Posted on Friday, February 4, 2011
Twelve of the 13 largest U.S. financial institutions "were at risk of failure" at the depth of the 2008 financial crisis, while at least 50 hedge funds tried to capitalize on it, according to a report released Thursday by a U.S. panel investigating how the financial system unraveled.
The report quantifies a huge run on the bank at Morgan Stanley, describes the alleged trading practices of a secretive hedge fund and tallies the number of such funds betting against U.S. homeowners.
The 545-page document paints a picture of a financial system let loose by lax regulation and careening out of control. Regulators now are hammering out a financial-regulatory overhaul, though some analysts say not enough has been done since to prevent a recurrence.
The Financial Crisis Inquiry Commission didn't produce new culprits or scandals in a crisis already analyzed at length by the news media, a U.S. Senate investigation, a congressional oversight committee, an inspector general and financial regulators.
Partisan divisions that emerged in the report's drafting could also detract from its impact, with Republican members saying they couldn't support the majority's conclusions.
The report described a shadow banking system that helped trigger a more than tenfold surge in financial-sector debt, to $36 trillion in 2007 from $3 trillion in 1978.
Then it crumbled, Federal Reserve Chairman Ben Bernanke told the commission in a November 2009 interview.
"As a scholar of the Great Depression, I honestly believe that September and October of 2008 was the worst financial crisis in global history, including the Great Depression," Mr. Bernanke said, according to the commission's report.
Of the 13 most important U.S. financial institutions, "12 were at risk of failure within a period of a week or two," the report quoted Mr. Bernanke as saying.
Mr. Bernanke declined to comment through a spokeswoman.
The list of potential failures included Goldman Sachs Group Inc., people familiar with the report said. The only major financial institution not at risk at the time was J.P. Morgan Chase.
Spokesmen for J.P. Morgan Chase and Goldman Sachs declined to comment on the report.
After regulators let Lehman Brothers Holdings Inc. collapse in September 2008, one of the most vulnerable banks was Morgan Stanley, the report notes.
Hedge funds pulled $86 billion in assets from the investment bank in the week following the Sept. 15 Lehman bankruptcy filing, stemming from concerns about Morgan Stanley's viability, according to a Morgan Stanley email at the time to the New York Federal Reserve titled "Liquidity Landscape."
"Many of our sophisticated clients started to liquefy," Morgan Stanley Treasurer David Wong told the commission in October. A Morgan Stanley spokeswoman declined to comment.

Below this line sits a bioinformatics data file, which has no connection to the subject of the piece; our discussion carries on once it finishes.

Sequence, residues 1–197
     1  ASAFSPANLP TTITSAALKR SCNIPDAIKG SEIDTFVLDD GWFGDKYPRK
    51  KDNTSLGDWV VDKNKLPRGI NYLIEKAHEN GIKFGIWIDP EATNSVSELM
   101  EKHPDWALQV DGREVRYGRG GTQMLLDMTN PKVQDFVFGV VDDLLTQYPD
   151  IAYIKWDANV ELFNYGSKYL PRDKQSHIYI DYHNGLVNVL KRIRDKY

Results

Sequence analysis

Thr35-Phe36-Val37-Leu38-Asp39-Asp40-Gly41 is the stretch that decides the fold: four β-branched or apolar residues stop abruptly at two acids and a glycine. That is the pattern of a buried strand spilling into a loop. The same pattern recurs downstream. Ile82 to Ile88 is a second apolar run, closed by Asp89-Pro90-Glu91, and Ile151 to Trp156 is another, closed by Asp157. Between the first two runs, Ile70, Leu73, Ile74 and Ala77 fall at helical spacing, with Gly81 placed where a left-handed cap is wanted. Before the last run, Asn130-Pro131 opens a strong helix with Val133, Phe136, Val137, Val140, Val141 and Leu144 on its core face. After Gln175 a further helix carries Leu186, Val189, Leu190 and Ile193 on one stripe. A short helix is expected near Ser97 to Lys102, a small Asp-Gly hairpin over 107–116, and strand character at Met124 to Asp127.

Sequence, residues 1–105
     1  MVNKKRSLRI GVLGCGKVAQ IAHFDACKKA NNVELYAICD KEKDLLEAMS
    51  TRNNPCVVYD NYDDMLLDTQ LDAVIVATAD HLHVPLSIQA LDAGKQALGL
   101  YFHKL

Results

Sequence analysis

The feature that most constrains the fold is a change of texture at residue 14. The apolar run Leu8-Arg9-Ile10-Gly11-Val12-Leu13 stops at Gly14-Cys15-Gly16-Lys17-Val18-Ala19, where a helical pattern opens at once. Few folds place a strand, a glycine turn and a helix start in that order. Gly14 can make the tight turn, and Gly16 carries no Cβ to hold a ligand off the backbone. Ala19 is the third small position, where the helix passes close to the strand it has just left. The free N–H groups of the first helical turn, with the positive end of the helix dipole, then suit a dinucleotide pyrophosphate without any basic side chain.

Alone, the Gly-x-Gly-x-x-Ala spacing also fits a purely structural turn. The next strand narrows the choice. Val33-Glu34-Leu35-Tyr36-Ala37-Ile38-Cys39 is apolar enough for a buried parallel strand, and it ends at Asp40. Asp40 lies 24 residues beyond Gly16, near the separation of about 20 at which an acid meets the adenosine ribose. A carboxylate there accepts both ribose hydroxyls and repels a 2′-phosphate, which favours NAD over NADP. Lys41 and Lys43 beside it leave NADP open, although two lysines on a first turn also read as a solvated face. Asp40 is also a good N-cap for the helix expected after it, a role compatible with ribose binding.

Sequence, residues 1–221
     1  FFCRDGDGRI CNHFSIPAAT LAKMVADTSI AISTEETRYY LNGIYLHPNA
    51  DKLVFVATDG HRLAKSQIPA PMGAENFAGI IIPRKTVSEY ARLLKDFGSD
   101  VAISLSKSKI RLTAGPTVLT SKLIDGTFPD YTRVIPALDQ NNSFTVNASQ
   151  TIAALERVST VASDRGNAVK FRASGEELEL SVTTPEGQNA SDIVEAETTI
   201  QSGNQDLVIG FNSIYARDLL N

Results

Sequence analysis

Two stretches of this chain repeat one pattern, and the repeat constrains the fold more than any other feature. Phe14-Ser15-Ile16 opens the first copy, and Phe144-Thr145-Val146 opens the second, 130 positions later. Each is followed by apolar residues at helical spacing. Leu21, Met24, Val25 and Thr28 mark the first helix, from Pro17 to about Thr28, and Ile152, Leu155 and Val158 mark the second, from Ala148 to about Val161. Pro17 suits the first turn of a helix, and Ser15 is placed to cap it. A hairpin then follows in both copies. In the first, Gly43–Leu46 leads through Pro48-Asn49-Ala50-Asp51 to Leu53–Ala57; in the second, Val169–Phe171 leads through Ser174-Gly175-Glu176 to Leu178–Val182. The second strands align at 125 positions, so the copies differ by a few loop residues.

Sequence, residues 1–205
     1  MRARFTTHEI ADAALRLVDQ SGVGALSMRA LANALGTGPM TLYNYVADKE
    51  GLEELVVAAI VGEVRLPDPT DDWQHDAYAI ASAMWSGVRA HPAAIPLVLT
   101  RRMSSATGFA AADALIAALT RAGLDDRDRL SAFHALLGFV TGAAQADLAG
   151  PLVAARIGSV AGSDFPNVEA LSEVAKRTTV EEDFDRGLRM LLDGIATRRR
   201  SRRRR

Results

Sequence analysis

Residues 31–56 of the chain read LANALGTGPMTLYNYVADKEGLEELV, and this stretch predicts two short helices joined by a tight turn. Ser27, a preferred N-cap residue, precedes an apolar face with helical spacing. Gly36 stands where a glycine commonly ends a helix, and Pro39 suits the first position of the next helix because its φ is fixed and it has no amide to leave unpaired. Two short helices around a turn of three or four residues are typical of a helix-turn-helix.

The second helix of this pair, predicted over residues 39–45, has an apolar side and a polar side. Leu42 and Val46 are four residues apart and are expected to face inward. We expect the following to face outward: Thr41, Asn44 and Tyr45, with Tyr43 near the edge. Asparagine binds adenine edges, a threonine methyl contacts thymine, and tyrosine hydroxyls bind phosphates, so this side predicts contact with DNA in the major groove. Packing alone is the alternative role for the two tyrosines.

The report also provided clarity about the number of hedge funds gambling homeowners couldn't pay their mortgages.
In an interview with the commission, former Deutsche Bank AG trader Greg Lippmann—who played a key role in facilitating short bets—told the commission that in 2006 and 2007 he handled trades for at least 50 hedge funds and "maybe as many as 100" betting that mortgage-backed securities would fall.
An FCIC survey of some hedge funds found they had a total of $45 billion of short bets, which easily outweighed roughly $25 billion of bullish positions they had on mortgages.
The panel also scrutinized the conflicts of interest—involving Wall Street banks, hedge funds and investors—created by the pools of mortgage debt known as collateralized debt obligations.
The crisis panel cited a $1.5 billion CDO called "Norma," underwritten by Merrill Lynch & Co. in 2007. The assets backing the CDOs were to be selected and overseen by a third-party "collateral" manager called NIR Capital Management.
As Norma's value crumbled, some investors and others complained that Magnetar Capital—a hedge fund that had placed bearish and bullish bets on the Norma CDO—played an active role in helping to select Norma's assets.
This would potentially have created a conflict because Magnetar, a Merrill client, would have had an incentive to select poor-performing assets and benefit from short bets it made against the CDO.
The crisis panel said Magnetar had "executed approximately $600 million in trades for Norma" and that Merrill failed to disclose that Magnetar "was selecting collateral when it also had a short position that would benefit from losses."
On Thursday, a Magnetar spokesman said the hedge fund "did not control the selection or acquisition of assets in any CDO, including Norma."
A spokesman for Bank of America, Merrill's current owner, said: "While most of these matters have been closely scrutinized and addressed, the work of the commission is important and we'll review their reports carefully."
By CARRICK MOLLENKAMP, AARON LUCCHETTI and SERENA NG, THE WALL STREET JOURNAL